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It would be fair to call Tea with Mussolini a chick flick, but it would be better to call it a broad film.

Pardon the pun, but your average movie has a narrow, linear story with varying amounts of “width” (e.g., subplots, tangents, minor characters). This one has five or six characters, all of whom at some point take center stage. Collectively, their stories form a very broad, meandering plot without anything so sharp as a single linear axis.

Tea with Mussolini is based on Zeffirelli’s autobiography. It is set before and during the Second World War, and it focuses on a clique of well-bred British and American women living in Florence (known as the “Scorpioni”). A boy, Luca, collectively adopted by the women, is presumably Zeffirelli.

With so many equally-important characters, there is lots of opportunity for great acting, both individually and as an ensemble. Zeffirelli packed the cast with some great actors and let them loose.

Joan Plowright is Mary Wallace, kind and decent, but no-nonsense when appropriate. She works for Luca’s “illegitimate” father, rewriting his flowery English into standard business-speak. Mary agrees to raise Luca, after she makes her friends agree to help.

Maggie Smith is Lady Hester Random. If you’ve seen Smith in any other movie, you have seen her in this one too. She is the most coldly proper of the clique. Her dear departed husband (the diplomat) comes up in every conversation, and that’s not the only evidence that she is living in the past. She believes that Mussolini is the gentleman who makes the trains run on time, and when his blackshirts start breaking windows, she refuses to believe that he has any knowledge of it.

In fact the title (in part) refers to Lady Hester. Using her husband’s connections, she arranges to meet Mussolini. She wants to tell him what his police have done, knowing that he will be as shocked as she. Ignoring his grave, martial palace and his bird-eating grin, she hears only his words: that he will offer her and her friends his personal protection.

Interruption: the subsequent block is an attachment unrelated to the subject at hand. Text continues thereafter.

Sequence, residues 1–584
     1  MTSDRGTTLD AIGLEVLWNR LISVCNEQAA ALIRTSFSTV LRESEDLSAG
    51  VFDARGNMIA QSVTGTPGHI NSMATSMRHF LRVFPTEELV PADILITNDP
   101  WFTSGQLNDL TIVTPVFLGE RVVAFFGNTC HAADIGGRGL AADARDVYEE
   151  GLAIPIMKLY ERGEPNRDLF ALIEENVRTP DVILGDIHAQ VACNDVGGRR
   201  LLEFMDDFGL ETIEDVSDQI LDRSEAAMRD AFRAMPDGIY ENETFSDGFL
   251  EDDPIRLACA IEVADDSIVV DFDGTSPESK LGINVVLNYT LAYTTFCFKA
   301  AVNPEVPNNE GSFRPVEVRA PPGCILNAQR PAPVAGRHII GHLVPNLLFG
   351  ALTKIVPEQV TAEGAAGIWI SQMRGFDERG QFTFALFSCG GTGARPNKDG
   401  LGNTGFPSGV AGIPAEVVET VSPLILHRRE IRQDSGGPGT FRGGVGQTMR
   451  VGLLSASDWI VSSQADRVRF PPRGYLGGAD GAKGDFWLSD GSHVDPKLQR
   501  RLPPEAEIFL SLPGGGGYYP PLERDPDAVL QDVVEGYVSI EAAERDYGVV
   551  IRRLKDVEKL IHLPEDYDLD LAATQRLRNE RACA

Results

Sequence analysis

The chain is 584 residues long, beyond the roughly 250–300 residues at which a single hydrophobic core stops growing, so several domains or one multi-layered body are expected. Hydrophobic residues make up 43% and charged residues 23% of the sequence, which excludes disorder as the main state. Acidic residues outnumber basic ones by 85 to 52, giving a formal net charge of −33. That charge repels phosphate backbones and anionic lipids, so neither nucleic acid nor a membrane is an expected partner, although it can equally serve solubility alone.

Judi Dench has a small but colorful role as Arabella. She’s an amateur painter and poet who goes nowhere without her dog. She is the one who instills a love of art and beauty in Luca. With all of Dench’s recent great work, I wish she had played a bigger role.

Cher is the rich American Elsa. She knows how to wrap men around her little finger to get rare paintings, luxurious cars, and expensive furs, jewelry, shoes, and hats (each category gets a listing in the film’s credits.) Elsa travels the world, but when she’s in Florence she loves to visit the “scorpioni,” even if she occasionally resorts to using her claws.

Finally, Lily Tomlin plays Georgie, the American archaeologist (although the only evidence the film gives for her occupation is her wardrobe). Like Dench as Arabella, Tomlin is underused in a small but colorful role.

After the characters are introduced, fascism rises in Italy. Luca’s father sends him to Austria. The blackshirts show less and less respect to the British ladies. Once cultural friends, Britain and Italy are soon at war, and the British ladies are arrested and taken to a barracks. Luca, home from Austria, and the two American women, do what they can to make their friends’ lives better.

In spite of the war, the Scorpioni maintain their gentility and dignity. This gets to the real heart of the film’s title, and it’s main theme. The ladies’ approach to everything, even to a brutal dictator, is respectful, proper and very British. Although they must live in the reality of the war, the Scorpioni don’t have to stoop to its level. They can continue to take tea like civilized British citizens, every afternoon at 4:00. In a way, this film is like Life is Beautiful, because both show individuals trying to rise above the unpleasant reality of war.

Tea with Mussolini is densely packed with a dozen characters over a dozen years. To make room for it all, Zeffirelli makes the movie episodic: he shows a little slice of life